But let's stick with the analogy for a bit. Medically someone "proving" effectiveness isn't enough. Look at the vaccine disaster: vaccines have been accused of causing autism without one shred of evidence ever. The effectiveness of vaccines is so great that people felt they could rely on other people's use of them, and that would be enough, because they didn't want to undertake the risk concomitant in taking the vaccine themselves, even if the risk of not is extraordinarily greater in severity. And even with effective medication, it wouldn't matter at all except that people are willing to take medication on doctor's orders, doctors are well trained in understanding what is healthy vs. sick and how to recognize it, that there are quantitative measures that can be used to tell when someone is sick vs. healthy.

People take medicines properly when they see an immediate effect on their health. What's the immediate effectiveness of a curriculum? How would you measure that? Can you tell in 3 days that you've learned? That your child has?

People often stop taking medicines when they shouldn't, because they can't feel it's working, or they feel it's worked well enough already. What's the equivalent in education? How will a school board decide to keep going?

People spend billions on "drugs" not approved by the FDA. They may or may not do ANYTHING. The number of diet pills, herbal remedies, and utter fraudulent junk out there (from mundane magnetic bracelets for arthritis to incredibly painful and risky chelation therapy for autism) is evidence that people DO NOT CARE about effectiveness "as studied". They care about what they can convince themselves is true.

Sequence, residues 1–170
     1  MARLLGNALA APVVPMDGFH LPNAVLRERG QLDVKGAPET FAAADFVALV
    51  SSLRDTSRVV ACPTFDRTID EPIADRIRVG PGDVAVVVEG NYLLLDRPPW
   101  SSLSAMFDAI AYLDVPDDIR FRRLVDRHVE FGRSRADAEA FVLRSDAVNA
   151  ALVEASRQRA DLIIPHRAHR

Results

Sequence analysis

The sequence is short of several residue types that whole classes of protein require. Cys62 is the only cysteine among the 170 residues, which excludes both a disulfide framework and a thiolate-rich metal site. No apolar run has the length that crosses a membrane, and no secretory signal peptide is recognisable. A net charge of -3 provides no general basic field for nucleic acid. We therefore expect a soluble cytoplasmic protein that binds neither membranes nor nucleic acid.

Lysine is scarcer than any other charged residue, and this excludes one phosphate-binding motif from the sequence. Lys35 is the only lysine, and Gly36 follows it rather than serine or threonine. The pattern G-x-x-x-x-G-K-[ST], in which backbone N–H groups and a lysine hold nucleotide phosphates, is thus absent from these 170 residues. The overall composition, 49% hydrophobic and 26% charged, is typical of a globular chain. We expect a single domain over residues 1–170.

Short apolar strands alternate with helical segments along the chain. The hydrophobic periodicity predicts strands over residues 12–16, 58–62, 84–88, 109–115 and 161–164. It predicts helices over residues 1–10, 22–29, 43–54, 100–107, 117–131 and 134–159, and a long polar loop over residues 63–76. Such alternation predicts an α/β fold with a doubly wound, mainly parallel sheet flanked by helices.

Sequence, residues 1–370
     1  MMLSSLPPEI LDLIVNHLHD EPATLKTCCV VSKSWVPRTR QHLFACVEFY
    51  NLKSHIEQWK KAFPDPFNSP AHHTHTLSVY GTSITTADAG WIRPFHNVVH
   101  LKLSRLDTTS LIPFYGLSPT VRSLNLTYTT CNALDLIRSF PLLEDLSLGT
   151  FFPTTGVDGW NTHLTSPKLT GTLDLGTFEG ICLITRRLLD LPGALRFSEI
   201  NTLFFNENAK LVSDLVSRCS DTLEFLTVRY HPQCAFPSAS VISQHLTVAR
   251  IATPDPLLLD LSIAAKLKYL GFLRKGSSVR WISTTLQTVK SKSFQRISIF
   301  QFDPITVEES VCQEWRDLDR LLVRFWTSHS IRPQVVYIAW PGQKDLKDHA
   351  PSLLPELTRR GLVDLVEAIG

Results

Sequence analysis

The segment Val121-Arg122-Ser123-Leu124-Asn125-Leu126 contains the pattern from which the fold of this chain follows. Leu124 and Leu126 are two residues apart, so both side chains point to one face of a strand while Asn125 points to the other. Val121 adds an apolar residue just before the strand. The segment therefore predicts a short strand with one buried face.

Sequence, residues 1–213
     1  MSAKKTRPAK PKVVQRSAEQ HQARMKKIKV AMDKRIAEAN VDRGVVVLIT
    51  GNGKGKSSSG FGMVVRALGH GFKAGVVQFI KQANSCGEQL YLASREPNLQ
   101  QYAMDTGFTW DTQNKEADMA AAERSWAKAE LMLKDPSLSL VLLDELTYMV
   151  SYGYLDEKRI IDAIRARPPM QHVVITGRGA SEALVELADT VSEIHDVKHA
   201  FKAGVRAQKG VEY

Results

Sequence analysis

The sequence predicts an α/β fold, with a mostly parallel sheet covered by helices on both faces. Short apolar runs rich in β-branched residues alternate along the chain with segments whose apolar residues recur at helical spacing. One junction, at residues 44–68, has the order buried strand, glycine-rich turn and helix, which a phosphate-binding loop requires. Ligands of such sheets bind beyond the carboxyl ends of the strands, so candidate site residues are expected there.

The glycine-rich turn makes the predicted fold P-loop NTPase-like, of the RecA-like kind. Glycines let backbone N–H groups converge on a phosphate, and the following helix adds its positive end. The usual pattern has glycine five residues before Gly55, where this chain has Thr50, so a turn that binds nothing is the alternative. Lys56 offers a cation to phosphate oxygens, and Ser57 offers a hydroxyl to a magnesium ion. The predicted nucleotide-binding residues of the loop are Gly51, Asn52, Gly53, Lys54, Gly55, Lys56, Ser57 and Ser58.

To blithely ignore that since we can't control that aspect of the education system, we can succeed anyway, is to make an error: what is the opportunity cost of putting our effort on THIS idea, rather than another? Because it's not whether or not "some concrete information about efficacy is better than none; it's whether or not spending the time, money, and effort trying to establish efficacy is better than some OTHER attempt to fix what's broken. If the choice is proven effectiveness so we can all argue what's proven, what the standards are, etc. maybe we'd have been better off doing something else--fighting the school board, running for office, opening a Kumon franchise, etc.

Anonymous said...